‘Rural character’ in good shape
Work began in Harrison County to try to preserve farm, forest and open land many years ago.
But it seems the effort has really picked up steam in the last year or two with the Harrison County Land Conservation Program and its administering committee. Even the most optimistic member of the group would have to be pleasantly surprised with the immediate success of the program.
Enough folks have signed up to sell or donate their land to the strictly voluntary program that the committee has at least one farm on a waiting list to join when the funding becomes available. Clarence Hausz’s 64-acre property near Lanesville was tabled by the board until more funding to purchase it can be secured.
The first to take advantage of the program, which gives property owners an alternative to selling land for development, was a familiar name to the area: Samuel P. Hays. Hays, a retired professor of who taught conservation (or environmental) history, always has believed in the cause of preserving land. That was evidenced by his donation in the 1970s of the land that is now Hayswood Nature Reserve west of Corydon. His contribution to the Land Conservation Program includes 89 acres about midway between Corydon and Lanesville.
Edward and Dorothy Troncin of New Salisbury last year added their property to the program. And just recently, the program more than doubled its total acreage with the addition of Peter and Joan Schickel’s 420-acre property in Lanesville.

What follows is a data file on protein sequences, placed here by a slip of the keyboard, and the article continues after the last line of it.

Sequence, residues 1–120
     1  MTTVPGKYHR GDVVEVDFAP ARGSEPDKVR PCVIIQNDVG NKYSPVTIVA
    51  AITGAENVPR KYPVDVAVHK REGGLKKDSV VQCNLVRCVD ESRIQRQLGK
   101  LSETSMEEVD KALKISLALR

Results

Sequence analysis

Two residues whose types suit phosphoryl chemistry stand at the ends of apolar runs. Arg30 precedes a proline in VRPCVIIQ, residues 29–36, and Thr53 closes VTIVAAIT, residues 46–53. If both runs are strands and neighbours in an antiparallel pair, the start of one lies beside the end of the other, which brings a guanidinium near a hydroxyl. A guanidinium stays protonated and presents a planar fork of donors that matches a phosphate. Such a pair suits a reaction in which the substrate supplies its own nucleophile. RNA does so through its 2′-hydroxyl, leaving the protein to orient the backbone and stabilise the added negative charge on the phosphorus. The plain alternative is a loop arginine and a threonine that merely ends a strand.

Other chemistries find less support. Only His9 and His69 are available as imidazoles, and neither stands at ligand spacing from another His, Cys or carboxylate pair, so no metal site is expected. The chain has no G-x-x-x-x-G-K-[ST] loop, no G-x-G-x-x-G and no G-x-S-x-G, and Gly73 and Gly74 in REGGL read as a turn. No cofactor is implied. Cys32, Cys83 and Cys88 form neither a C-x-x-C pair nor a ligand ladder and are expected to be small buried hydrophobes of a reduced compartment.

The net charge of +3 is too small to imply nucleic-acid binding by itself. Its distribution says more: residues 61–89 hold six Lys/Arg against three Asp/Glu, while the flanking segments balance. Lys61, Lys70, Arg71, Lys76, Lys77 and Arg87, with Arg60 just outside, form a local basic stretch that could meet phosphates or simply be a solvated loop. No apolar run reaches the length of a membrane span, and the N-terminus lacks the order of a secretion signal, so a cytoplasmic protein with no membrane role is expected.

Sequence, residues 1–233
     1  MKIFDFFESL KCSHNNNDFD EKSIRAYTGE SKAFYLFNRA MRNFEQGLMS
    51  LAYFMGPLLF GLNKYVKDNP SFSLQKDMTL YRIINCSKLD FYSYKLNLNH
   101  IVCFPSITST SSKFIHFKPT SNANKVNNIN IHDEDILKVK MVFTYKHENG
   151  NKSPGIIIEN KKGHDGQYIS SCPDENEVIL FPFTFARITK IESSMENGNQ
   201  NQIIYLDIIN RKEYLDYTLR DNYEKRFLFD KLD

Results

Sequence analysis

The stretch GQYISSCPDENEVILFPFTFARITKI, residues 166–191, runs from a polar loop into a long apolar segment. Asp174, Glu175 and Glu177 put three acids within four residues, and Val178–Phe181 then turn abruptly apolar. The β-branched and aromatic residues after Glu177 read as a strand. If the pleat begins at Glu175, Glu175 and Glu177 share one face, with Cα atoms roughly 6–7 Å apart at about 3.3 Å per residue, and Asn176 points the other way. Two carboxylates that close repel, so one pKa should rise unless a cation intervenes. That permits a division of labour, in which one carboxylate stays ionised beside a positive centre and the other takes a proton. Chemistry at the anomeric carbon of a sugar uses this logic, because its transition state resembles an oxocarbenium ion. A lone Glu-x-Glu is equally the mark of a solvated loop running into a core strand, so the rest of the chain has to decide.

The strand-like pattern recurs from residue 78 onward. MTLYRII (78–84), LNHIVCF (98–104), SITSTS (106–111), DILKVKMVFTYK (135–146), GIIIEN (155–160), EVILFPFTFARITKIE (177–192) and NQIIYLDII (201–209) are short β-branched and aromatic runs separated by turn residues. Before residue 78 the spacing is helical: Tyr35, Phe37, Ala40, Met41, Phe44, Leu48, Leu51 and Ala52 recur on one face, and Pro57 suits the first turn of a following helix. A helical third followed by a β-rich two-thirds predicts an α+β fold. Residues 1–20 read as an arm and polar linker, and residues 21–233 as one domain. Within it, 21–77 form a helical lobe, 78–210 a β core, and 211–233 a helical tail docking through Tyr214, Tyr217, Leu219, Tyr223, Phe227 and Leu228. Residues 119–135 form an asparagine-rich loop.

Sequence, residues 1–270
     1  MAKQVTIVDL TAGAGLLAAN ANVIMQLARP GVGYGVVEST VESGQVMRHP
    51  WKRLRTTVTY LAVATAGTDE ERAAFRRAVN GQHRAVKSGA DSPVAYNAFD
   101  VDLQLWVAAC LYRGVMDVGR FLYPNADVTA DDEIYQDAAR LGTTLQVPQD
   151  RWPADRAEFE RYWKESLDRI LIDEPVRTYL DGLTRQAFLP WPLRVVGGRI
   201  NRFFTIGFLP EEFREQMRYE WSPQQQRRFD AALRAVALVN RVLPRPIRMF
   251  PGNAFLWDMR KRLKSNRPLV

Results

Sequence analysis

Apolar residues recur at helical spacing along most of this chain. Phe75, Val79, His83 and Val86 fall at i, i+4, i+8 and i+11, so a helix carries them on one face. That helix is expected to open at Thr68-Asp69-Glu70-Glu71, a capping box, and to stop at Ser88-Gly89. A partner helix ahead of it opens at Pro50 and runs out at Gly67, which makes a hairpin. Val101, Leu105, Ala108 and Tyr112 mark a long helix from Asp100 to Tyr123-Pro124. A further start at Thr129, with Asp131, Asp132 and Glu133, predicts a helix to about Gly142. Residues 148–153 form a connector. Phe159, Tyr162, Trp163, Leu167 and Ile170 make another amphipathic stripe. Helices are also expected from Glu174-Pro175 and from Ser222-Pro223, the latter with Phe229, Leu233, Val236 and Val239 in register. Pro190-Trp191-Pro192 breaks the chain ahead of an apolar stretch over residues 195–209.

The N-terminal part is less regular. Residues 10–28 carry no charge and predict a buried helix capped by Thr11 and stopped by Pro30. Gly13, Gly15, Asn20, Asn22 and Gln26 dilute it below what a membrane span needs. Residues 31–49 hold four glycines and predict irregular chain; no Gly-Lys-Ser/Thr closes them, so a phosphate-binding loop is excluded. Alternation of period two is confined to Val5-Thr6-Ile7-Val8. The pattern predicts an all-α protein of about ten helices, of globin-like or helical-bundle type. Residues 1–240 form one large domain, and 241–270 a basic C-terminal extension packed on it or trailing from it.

‘We could stand to have a little land that’s not developed,’ Hays, shortly after joining the program in 2008, said.
With growth from Louisville creeping into the county, it’s nice to know efforts are being made to maintain the area’s beloved rural character.
Harrison County now has nearly 600 acres dedicated to conserving agricultural land, forest land and open spaces in order to maintain a long-term business environment for agriculture and forestry and to maintain the quality of life of residents. And as long as the Harrison County Community Foundation and other donations continue to support the program, more and more people will see the benefit of permanently preserving their land. Specifics of the program can be found online at harrisonfarmland.org.
Harrison County’s rural character was identified as one of the most important qualities to preserve in a questionnaire for residents recently distributed for a 25-year master plan for the county. The rural character is arguably the most important aspect of the county and it should be protected.
It is obviously the goal of the conservation program, and, hopefully, it will continue to be funded so the county will always enjoy the forests and farm land that makes Southern Indiana unique.